He cobbled together a rescue plan to appease Mack and the company stayed in business. When Murray was asked if he continues to cheat he simply replied “Yes”

The sordid relationships between Murray, the union and the Italian mafia handlers were a long kept secret. But Walter Mack's persistence and the follow up investigation by prosecutor Zornberg nailed Murray.

Murray's first indictment came in 2006 on fraud and money-laundering charges. He proceeded to flee to Ireland. Two years later after he was persuaded to return to the U.S. after the feds seized his extensive farm and other properties. He plead guilty and agreed to provide the evidence that led to the conviction of Olivieri, Forde, Greaney and seven others.

Olivieri was found guilty of perjury. He is currently out on a $500,000 bond and is facing up to five years in prison plus future prosecution for conspiracy and fraud.

FBI Assistant Director-in-Charge Janice K. Fedarcyk explained the necessity of the case. "Olivieri attempted, but failed, to mask his association with the Genovese Organized Crime Family and a dishonorable union contractor," she said. "The guilty verdict represents a dual victory: weeding out corruption in the New York City Carpenters Union and removing a crooked trustee of the benefit funds."

Thanks to Molly Muldoon

Tuesday, October 19, 2010

Joseph "Rudy" Olivieri, Reputed Genovese Crime Family Soldier, to Face Trial as Alleged Union Contact Person for the Mob

The mob-linked head of a powerful contractors group goes on trial Tuesday in a case expected to dramatically demonstrate organized crime's grip on the city's construction unions.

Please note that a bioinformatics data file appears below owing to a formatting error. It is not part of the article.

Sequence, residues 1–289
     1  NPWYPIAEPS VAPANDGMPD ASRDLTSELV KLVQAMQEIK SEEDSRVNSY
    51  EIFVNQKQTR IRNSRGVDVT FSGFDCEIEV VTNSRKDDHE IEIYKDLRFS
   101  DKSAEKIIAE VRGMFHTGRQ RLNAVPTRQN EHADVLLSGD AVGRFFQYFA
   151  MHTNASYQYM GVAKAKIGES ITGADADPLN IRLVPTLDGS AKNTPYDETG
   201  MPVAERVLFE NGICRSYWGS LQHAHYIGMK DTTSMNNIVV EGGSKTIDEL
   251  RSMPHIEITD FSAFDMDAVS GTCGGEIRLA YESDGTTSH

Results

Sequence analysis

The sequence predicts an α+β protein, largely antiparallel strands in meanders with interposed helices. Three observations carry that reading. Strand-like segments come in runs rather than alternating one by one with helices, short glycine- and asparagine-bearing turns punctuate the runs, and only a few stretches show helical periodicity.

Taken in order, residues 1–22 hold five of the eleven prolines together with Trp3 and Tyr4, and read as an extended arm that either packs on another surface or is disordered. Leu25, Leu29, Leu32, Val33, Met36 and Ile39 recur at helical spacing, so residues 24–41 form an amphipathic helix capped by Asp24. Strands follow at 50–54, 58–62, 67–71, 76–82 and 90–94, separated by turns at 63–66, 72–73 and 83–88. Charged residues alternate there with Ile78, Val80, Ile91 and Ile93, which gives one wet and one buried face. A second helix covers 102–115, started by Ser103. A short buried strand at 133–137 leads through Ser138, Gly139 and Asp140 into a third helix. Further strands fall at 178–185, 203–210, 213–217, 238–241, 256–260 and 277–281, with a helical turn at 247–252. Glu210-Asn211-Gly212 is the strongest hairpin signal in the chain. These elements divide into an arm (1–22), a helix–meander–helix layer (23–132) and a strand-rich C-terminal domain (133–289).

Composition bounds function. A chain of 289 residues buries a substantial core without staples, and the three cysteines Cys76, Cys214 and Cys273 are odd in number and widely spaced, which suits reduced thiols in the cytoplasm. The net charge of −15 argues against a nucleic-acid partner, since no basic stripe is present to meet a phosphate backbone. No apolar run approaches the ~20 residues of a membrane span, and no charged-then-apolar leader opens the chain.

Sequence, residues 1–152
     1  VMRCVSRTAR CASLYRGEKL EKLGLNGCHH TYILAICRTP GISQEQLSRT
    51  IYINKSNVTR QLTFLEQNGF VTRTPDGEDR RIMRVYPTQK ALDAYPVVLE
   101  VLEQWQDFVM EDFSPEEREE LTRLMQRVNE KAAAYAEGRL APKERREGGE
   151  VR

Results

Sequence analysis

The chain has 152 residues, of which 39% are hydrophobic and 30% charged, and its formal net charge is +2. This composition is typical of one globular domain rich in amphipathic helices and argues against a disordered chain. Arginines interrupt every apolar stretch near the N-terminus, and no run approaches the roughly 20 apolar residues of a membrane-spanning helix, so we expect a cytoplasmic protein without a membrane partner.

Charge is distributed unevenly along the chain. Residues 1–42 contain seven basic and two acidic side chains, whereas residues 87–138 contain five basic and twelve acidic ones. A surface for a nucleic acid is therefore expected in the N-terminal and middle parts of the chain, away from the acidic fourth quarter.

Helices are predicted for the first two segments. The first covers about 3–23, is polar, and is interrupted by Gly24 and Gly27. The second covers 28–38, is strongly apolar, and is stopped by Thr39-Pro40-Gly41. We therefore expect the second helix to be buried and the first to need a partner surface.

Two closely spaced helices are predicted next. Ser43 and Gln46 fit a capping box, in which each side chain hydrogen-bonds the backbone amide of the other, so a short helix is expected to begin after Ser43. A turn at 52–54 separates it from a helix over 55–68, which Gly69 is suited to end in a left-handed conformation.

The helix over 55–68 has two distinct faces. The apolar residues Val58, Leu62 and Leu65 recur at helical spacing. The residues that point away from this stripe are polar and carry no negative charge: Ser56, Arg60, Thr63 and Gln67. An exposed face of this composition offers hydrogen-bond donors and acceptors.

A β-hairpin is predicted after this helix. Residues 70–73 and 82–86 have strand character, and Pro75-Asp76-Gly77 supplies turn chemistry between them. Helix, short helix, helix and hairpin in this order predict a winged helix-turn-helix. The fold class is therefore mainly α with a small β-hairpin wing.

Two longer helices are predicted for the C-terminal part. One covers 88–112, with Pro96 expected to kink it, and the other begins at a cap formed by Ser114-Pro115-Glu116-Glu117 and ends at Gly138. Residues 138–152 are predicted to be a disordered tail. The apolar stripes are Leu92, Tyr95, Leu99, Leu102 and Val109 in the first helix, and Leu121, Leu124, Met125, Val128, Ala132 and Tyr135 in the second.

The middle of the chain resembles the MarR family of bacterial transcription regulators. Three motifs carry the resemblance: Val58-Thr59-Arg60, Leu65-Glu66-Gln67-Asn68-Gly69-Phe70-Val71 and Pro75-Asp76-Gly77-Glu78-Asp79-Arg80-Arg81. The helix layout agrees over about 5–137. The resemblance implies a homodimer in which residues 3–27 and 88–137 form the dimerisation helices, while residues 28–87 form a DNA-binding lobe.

Joseph (Rudy) Olivieri is the last of nine contracting bigwigs to face judgment in a case that's seen District Council of Carpenters chief Michael Forde and seven cohorts plead guilty this year.

Authorities say Olivieri, 55, is a Genovese crime family soldier who headed the Association of Wall-Ceiling & Carpentry Industries. The group represents 160 contractors who employ thousands of workers.

The trial centers on Olivieri's group, which is a force in several unions, and his role in a plot to steal millions from the carpenters' benefit funds.

Prosecutors say he took orders from mob capo Louis Moscatiello, who ran the crime family's construction rackets in the city. Moscatiello was set to testify against Olivieri but died last year in prison while serving time for a 2004 racketeering case.

Prosecutors have massed a parade of mobsters, ex-union officials, crooked contractors and FBI agents to show how the mob infests unions, rips off their benefit funds and pockets kickbacks to let contractors use cheap, nonunion labor.

Reputed Genovese associate Joseph Rizzuto, ex-business agent of Operating Engineers Local 14, has fingered Olivieri as the mob's "contact person" in the union in the late 1990s. Rizzuto is set to tell the jury how Olivieri "threatened" him and summoned him to a meeting at a LaGuardia Airport hotel after he balked at putting Moscatiello's pick in a top union post.

Jurors also are expected to hear a 2004 recording of capo John (Buster) Ardito and several wiseguys identifying Olivieri as "a friend of Louis" with ties to longtime labor racketeer Vincent DiNapoli.

At a hearing yesterday, defense lawyer Brian Gardner tried to bar prosecutors from using sworn testimony Olivieri gave in a related civil case without warning him he was a criminal target.

Manhattan Federal Judge Victor Marrero decided Olivieri will be tried first only for perjury, one of five counts against him.

Thanks to Brian Kates